Washington plays DEA Agent Bobby Trench, who has trying to bring down Mexican drug lord Lil Toro for three years. Wahlberg plays U.S. Navy intelligence officer Michael “Stig” Stigman, who is under orders of Commander Quince (James Marsden), although I’m not sure I see why the Navy should be concerned about drug trafficking. Neither knows the other is undercover; each believes the other is the two-bit crook they claim to be. Stig comes up with the plan to rob the bank of drug dealer Papi Greco’s (Edward James Olmos) cash, after the pair’s drug buy sting fails because Greco does not have cocaine to exchange for Bobby’s supply of passports and because Greco has had Lil Toro killed. The excess cash they come up triggers a whole series of double- and triple-crosses, and the two are soon the most wanted men along the Mexican border. There is good chemistry between the two leads -- love their fun chase and fight sequence that helps them decide to work together -- and Wahlberg also starred in director Baltazar Kormakur’s “Contraband” (another action picture with a few plot holes). There is a strong supporting cast, including the aforementioned Olmos and Marsden, plus Bill Paxton as the initially mysterious Earl, who claims the stolen money is his. (I also like the song “Are You Ready For Me” by The Unknown that plays during the closing credits.
Extras include eight deleted and extended scenes (11:50), including when Greco tells Bobby he knows he is with the DEA; a four-part making-of feature (30:18); and audio commentary by Kormakur and producer Adam Siegel. Grade: film 3.25 stars; extras 3 stars
Red 2 (Summit, Blu-ray or standard DVD, PG-13, 116 min.). Even more fun is this second film, again based on a graphic novel, that brings a bunch of aging former agents out of retirement. This time, it is to recover a nuclear device hidden within the Kremlin in the heart of Moscow. A large part of the film is ex-CIA Frank Moses (Bruce Willis) being forced to take his girlfriend (Mary-Louise Parker as Sarah Ross) along of the mission, even though he would rather keep her safe. Of course, she ultimately proves she can handle a lot.
The film opens with Frank and Sarah shopping at Costco. There, his former partner Marvin (John Malkovich) approaches Frank to sell him on joining the mission. Shortly thereafter, Marvin’s car is blown up and there is the funny bit of Frank poking Marvin’s body with a large pin at his funeral to prove he is not faking. Among the many people trying to stop Frank and crew is Gordon (Neal McDonough) and there is a fun action bit with Frank wiping out Gordon’s men in an office records room. After that failure, Gordon hires Han Cho Bail (Byung-hun Lee) to kill Frank. Meanwhile, England’s MI6 hires Victoria (a returning Helen Mirren) to kill Frank. To accomplish their mission, Frank’s gang must first break Bailey (Anthony Hopkins, wonderfully playing mad), the “rock star of mass killing,” from the psychiatric lockdown he has been in for decades. Also enjoyable is a fun traffic chase sequence in Paris, as Sarah tries to out drive Frank’s former lover Katja (Catherine Zeta-Jones) in capturing The Frog (David Thewlis). There is some innovative fighting as well, as Han rips off the convenience store’s freezer door he is handcuffed to and uses it as a weapon.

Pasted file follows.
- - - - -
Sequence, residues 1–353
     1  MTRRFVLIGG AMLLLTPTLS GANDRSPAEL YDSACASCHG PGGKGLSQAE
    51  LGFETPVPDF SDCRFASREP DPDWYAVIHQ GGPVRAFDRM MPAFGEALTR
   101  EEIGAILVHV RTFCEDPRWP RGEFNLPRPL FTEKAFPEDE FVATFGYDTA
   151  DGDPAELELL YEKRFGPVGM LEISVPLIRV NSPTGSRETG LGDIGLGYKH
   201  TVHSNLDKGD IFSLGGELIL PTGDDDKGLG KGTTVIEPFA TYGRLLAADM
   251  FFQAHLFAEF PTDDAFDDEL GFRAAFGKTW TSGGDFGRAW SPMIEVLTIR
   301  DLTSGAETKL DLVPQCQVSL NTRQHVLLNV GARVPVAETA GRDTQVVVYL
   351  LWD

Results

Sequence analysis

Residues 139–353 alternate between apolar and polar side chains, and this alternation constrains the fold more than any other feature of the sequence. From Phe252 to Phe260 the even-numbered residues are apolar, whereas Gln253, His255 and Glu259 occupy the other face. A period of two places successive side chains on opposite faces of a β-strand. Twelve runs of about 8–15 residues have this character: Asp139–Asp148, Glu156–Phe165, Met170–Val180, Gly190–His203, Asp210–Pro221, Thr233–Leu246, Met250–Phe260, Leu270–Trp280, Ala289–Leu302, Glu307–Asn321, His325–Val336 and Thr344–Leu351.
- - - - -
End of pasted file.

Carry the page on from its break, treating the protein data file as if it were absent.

Extras are slight: four deleted scenes (4:27; two actually are alternate scenes); a gag reel (4:24); and a group of brief features (34:41) that look at the actors, stunts and weapons used. Grade: film3.5 stars; extras 2.5 stars
The Mortal Instruments: City of Bones (Sony, Blu-ray or standard DVD, PG-13, 130 min.). Based on the first book of Cassandra Clare’s bestselling series (now five volumes, plus a prequel trilogy), this is an attempt to capture the tween “Twilight” audience. On the whole, it is watchable, but not great. How can one be down on any film, though, that says composer Johan Sebastian Bach was a demon hunter? The breakout performance here is by Jamie Campbell Bower as Jace of the striking looks and hair.
Lily Collins plays Clary Fray, a teenager whose mother (Lena Headey) has forgotten to tell her that she is of a race of demon hunters. Clary is a bit disturbed that she keeps drawing the same symbol and seeing it everywhere, from in her coffee foam to a sign outside a nightclub, where she and her best friend Simon (Robert Sheehan) are let in despite being underage. Inside the club, she witnesses a murder, only she is the only one to notice it. The killer later is revealed to be Jace, a Shadowhunter, who soon helps Clary, after her mother is abducted and/or killed by Valentine’s (Jonathan Rhys Meyers, pre-TV’s “Dracula”) “men.” They actually are demons, as demons can possess any living creature. Jace then takes her to return to The Institute, where she and Simon learn of her family's connection to the missing Mortal Cup, one of the Mortal Instruments that help in the fight against demons. The Mortal Cup can turn humans (or mundane, as they are called by the hunters) into Shadowhunters. The Institute is run by Hodge (Jared Harris), who proves to have his own hidden agenda.